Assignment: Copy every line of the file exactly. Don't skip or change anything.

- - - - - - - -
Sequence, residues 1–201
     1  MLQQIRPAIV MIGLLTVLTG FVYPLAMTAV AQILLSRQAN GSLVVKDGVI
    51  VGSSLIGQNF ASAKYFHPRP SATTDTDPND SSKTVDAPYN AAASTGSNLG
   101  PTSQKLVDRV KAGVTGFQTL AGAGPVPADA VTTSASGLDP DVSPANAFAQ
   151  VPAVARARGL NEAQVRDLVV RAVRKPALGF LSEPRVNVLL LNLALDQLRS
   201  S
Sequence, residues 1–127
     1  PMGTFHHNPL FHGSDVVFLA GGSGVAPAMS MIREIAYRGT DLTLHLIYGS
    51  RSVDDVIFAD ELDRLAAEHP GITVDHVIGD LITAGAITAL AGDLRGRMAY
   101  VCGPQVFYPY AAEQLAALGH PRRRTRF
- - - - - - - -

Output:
Sequence, residues 1–201
     1  MLQQIRPAIV MIGLLTVLTG FVYPLAMTAV AQILLSRQAN GSLVVKDGVI
    51  VGSSLIGQNF ASAKYFHPRP SATTDTDPND SSKTVDAPYN AAASTGSNLG
   101  PTSQKLVDRV KAGVTGFQTL AGAGPVPADA VTTSASGLDP DVSPANAFAQ
   151  VPAVARARGL NEAQVRDLVV RAVRKPALGF LSEPRVNVLL LNLALDQLRS
   201  S
Sequence, residues 1–127
     1  PMGTFHHNPL FHGSDVVFLA GGSGVAPAMS MIREIAYRGT DLTLHLIYGS
    51  RSVDDVIFAD ELDRLAAEHP GITVDHVIGD LITAGAITAL AGDLRGRMAY
   101  VCGPQVFYPY AAEQLAALGH PRRRTRF